Monday, January 31, 2011

Job Hunting 101

Maybe you know, maybe you don’t…but my background is in recruitment. I started by working for a staffing company about 10 years ago as a Personnel Manager, and grew from there in to HR. I fell in to the job pretty easily by following advice from one of my best friends.
Whether you are looking for entry level or professional positions, here are a few tips I have come up with to help you find a job:

1. Edit your resume! I once had a 9 page resume land on my desk, and I would have thrown it out, but I kept it just in case the guy ever contacted me, so I could educate him (Which he did!) If you are applying for different types of positions, and not just one target area, you will need several versions of your resume, highlighting your relevant experience. (I will do a post specifically on resumes down the road, going in to more details.)

2. Let someone do the work for you. It can be time-consuming, but registering with as many staffing companies as you can, will give you an “in” with many local companies. Temp Agency is mostly a thing of the past. Most of the positions offered by staffing companies such as Randstad, Adecco, any of the Robert Half companies, specialize in “temp to hire”. This is a full-time, permanent position that the company has to fill. They call it “temp to hire” because during your 90 day probationary period, which you would have at ANY new job, you are paid through the staffing company. It allows the business to pay the staffing agency over time rather than in a lump sum payment. If you aren’t interested in doing temp work, then tell them that, and they will only call you for the jobs that will ultimately result in a permanent placement. Most staffing companies have an executive level placement service for higher level positions. This is a great way to go for upper level management, because you can negotiate pay and benefits through the agency. Believe me, they want you to get the highest salary possible, because their fee is based upon it.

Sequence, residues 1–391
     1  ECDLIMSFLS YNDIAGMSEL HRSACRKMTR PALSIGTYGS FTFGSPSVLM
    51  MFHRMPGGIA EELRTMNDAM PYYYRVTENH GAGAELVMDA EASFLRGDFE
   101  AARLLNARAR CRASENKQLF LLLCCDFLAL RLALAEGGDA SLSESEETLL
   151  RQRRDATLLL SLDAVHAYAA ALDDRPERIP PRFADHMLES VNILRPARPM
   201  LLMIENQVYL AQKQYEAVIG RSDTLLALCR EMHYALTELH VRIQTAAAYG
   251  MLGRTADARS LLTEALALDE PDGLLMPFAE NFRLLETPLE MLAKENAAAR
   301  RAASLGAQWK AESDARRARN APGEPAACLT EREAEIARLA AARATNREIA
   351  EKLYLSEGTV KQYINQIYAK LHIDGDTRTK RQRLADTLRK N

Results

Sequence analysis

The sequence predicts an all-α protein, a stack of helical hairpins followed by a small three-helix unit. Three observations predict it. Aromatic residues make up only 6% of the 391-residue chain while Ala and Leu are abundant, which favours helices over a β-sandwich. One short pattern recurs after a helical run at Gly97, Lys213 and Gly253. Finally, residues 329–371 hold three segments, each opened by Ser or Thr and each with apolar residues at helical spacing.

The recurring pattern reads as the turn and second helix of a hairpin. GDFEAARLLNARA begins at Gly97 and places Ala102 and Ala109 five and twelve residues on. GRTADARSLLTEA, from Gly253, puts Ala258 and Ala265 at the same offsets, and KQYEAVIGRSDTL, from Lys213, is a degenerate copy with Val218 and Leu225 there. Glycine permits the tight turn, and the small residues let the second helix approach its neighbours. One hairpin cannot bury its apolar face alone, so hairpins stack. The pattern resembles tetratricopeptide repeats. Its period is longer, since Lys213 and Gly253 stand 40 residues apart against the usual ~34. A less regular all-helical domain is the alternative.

3. Follow up on your resumes and applications. In this day and age, we apply for most jobs online, making it difficult to connect with a real person, prior to an interview. Be creative! Pull up the companies website and find out who the HR Manager is. Call them about a week after you submit your resume, just to inquire on the status. Don’t harass them, and definitely don’t stalker call them. But one phone call shows your interest above others.

4. Interviewing: If it’s one thing that makes me irritated, it’s when I interview someone who shows up in jeans. It doesn’t matter if you are applying for a job slopping pigs, you are making a first impression that you care about your appearance, and that you take the job seriously. Trust me, I would love to go to work in sweatpants, but even if that was appropriate dress for your job, DON’T GO TO AN INTERVIEW LIKE THAT!!!! You should be dressed in a business casual outfit, which consists of a dress, or dress shirt and pants. A tie is not necessary, but is suggested. And please, make sure the dress or skirt comes down to your fingertips at a minimum and no cleavage.

This is just the basics. If you have any questions specifically about applying or interviewing for jobs, email me or leave me a comment.


  1. Interviewing is the hardest part for me!

  2. Thank you for the tips! My husband and I just moved to Richmond Hill, GA right before Christmas and I still haven't been able to find a job and I am going stir crazy in this house! Hopefully putting your list into use will do something for me! Thanks again!

  3. That was some valuable advice for whoever may be looking.

  4. I love temp agencies, they helped me land my job in VA which essentially turned into a career and a huge reason why I'm able to write from home now :)